Similarity- People are individuals, and we all have our own unique way of speaking. People from California don’t talk like people from Maine (I’ve lived almost two decades in each state, I know), people from Oxford don’t talk like people from ITT Tech, and armor-plated, heavily-armed mutants from Skaro don’t talk like Earthlings. In your writing, your characters need to be individuals as well, with their own tics and habits that make them distinct from the people around them. If you can’t tell who’s speaking without knowing the complete context or seeing the dialogue headers, you need to get back to work.

Accents- This is a common mistake by beginning writers. Accents, dialects, and odd speech tics that are written out drive readers and editors nuts. Now, there are a handful of professional writers who can do truly amazing accents in their dialogue, yes, but keep those facts in mind— Only a handful. Professionals. If you’re reading this, odds are you’re still on a lower rung of that ladder trying to impress an editor or producer.

“’ullo, dere, Guv’nah. Spara few shillin’s fur a fella Vetrin uf th’ Waa’?”

“Eh, mah frien’, why you go causin’ mah peeple such beeg problems?”

“If thiz iz yourrr wish, then my warrrriorz will drrraw back.”

Yeah, that last one’s an alien accent I came up with years back for a race that had tongues and beaks like birds. I lost five pages when I got rid of all those triple-Rs.

Show an accent by picking out one or two key words at most and making those the only words you show it with. If he or she’s Jamaican, stick with “mah” instead of “my.” For the Cockney fellow, keep the dropped H when he speaks. Past that, just write straight dialogue. Just the bare minimum reminders that the characters have an accent. Like most character traits, your reader will fill in the rest.

Monologues—This one’s tough, because a good monologue can be a major point in any story or film. By the same token, though, a bad one can bring your story to a screeching halt.

The first clue at if it’s a bad monologue is to look at some of the dialogue rules above. Is it necessary? Does it read naturally? Is it flowing? Does it fit the moment? Someone who launches into a formal monologue while being pounded by artillery shells and enemy sniper fire is probably going to sound a bit forced. If you’re breaking one of these guidelines and doing it with a 750 word monologue, your manuscript is going to end up in the ever-growing left hand pile.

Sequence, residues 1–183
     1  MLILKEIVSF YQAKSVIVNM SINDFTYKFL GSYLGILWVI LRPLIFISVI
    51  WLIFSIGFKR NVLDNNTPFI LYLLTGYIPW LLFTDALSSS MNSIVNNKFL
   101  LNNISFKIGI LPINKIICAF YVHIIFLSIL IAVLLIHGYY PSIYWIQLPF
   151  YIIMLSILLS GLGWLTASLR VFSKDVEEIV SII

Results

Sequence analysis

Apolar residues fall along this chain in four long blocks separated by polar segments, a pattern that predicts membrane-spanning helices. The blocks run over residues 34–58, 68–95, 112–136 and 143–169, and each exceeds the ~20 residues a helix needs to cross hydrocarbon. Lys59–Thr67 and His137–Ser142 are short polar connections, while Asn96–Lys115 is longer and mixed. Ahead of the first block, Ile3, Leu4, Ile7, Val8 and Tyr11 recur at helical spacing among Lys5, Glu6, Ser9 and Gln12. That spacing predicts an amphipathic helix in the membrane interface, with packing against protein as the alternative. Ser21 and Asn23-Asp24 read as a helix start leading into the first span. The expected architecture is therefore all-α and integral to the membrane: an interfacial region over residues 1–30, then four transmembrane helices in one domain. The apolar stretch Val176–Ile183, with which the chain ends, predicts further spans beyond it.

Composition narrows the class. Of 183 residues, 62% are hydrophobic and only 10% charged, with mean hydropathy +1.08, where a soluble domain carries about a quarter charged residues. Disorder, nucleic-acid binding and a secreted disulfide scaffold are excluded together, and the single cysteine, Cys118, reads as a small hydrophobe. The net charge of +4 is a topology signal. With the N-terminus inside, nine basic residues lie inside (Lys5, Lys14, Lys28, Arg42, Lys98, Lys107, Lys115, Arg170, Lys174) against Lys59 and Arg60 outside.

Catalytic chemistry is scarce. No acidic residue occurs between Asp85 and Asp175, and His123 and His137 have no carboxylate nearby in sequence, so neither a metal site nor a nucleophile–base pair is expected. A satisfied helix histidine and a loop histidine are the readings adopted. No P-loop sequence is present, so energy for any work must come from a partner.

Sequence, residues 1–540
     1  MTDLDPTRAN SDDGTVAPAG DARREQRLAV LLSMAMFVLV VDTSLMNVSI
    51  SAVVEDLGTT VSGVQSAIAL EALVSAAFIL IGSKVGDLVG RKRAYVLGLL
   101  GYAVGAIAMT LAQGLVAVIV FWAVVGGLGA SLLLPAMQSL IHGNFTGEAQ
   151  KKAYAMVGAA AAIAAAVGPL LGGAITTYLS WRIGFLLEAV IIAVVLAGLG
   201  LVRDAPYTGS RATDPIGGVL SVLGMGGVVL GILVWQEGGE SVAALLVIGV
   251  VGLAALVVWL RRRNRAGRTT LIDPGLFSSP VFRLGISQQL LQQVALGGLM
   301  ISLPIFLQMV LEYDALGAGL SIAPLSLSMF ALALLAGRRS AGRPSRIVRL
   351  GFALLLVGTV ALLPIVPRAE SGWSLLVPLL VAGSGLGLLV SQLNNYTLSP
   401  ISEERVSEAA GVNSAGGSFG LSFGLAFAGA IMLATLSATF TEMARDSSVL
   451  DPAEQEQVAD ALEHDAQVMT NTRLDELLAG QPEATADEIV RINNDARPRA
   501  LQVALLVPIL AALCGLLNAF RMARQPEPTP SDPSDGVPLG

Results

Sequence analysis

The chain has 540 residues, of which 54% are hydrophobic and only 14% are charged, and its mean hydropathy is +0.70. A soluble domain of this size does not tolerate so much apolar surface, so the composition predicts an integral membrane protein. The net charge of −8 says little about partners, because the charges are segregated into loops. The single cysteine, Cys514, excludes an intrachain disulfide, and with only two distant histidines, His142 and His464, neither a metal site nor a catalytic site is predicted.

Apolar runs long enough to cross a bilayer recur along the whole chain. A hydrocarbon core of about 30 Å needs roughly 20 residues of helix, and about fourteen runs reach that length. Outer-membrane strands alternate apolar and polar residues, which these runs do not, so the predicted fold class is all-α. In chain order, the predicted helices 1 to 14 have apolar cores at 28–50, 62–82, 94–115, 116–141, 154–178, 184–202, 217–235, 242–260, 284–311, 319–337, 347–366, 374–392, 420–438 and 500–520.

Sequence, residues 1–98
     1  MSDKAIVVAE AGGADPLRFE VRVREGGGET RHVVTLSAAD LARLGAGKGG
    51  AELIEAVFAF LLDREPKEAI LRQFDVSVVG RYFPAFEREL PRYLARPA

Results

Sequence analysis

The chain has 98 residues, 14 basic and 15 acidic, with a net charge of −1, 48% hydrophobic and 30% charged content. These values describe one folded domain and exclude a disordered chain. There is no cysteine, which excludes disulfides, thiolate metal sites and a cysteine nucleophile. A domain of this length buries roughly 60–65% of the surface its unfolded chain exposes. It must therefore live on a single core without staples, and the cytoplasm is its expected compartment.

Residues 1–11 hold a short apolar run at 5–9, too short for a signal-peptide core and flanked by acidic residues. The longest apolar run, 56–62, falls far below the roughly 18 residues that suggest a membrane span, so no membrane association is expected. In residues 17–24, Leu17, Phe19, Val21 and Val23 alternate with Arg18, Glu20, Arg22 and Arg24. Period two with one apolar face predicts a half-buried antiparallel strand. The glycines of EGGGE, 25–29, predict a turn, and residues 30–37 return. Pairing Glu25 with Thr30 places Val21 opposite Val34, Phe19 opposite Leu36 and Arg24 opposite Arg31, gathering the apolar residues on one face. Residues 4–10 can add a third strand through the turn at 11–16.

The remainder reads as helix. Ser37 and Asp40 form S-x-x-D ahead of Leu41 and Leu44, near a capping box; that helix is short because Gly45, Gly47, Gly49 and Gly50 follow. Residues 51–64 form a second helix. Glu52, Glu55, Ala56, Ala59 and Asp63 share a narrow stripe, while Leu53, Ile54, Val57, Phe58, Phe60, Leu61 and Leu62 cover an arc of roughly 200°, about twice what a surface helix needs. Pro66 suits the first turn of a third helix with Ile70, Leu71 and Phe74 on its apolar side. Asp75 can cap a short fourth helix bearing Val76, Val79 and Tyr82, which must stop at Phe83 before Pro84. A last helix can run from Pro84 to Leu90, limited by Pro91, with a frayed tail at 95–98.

Second clue if it’s bad is to count how many monologues there’ve already been. Yes, that may sound laughable, but you’d be amazed at some of the things I’ve seen. One recent script I read for a screenwriting contest had half-page dialogue blocks on almost every page. If you’re on page forty-five and this is your fifth full-page monologue... odds are something needs to be reworked.

One last tip. A lot of people suggest reading your dialogue out loud to find where it trips. That’s not bad, but if you really want to find out how it reads, ask someone else to read it out loud—preferably someone who hasn’t seen it before or heard you talk about it. If you’re reading it yourself, you know how it’s supposed to sound, where the breaks should be, and what gets the emphasis. Let a friend or family member who doesn’t know it read it out loud and see what they do with it.

And then get back to your writing.

What are you still online for? Get back to writing!

Wednesday, September 10, 2008

The Ignorant Stranger

Exposition gets a bad rap.

People like to shriek that exposition kills a story, brings things to a grinding halt, and you’ll never make a sale if you use a lot of exposition. It’s an easy target, which is why lots of gurus warn against it and so many people latch onto it as an ironclad rule to be obeyed until the end of time. They can’t figure out how to do it, therefore no one should do it.

Of course, exposition isn’t a problem in and of itself, only when it’s part of bad writing. Honestly, you need to have exposition at some point or your story’s probably going to leave a lot of unanswered questions (and not in the good way). If you want proof, just look at a handful of the mildly successful movies or novels that use tons of exposition.

Star Wars – Ignoring the fact every movie in this series begins with a two minute text scroll, let’s look at the classic first film. Obi Wan spends a good four or five minutes explaining to Luke what the Force is and how it works. Darth Vader has to explain his relationship with Obi-Wan. The rebels have to explain the plans to the Death Star and how they’ll exploit its weakness.

Shogun—James Clavell’s best selling novel involves constant explanation as Captain Blackthorne, called Anji-san (Sir Pilot) by his captors, is forced to learn the Japanese language and culture in order to survive. He has to learn from scratch and drags the audience along with him.

Raiders of the Lost Ark – Right in the beginning of the film, Indiana Jones and Marcus Brody have to tell the two visiting federal agents about the legend of the Ark, its mythic powers, and where it may be hidden, a lecture that comes complete with pictures and chalkboard diagrams. Note that the two Feds don’t need to explain who the Nazis are and why they’re bad—everyone knows this.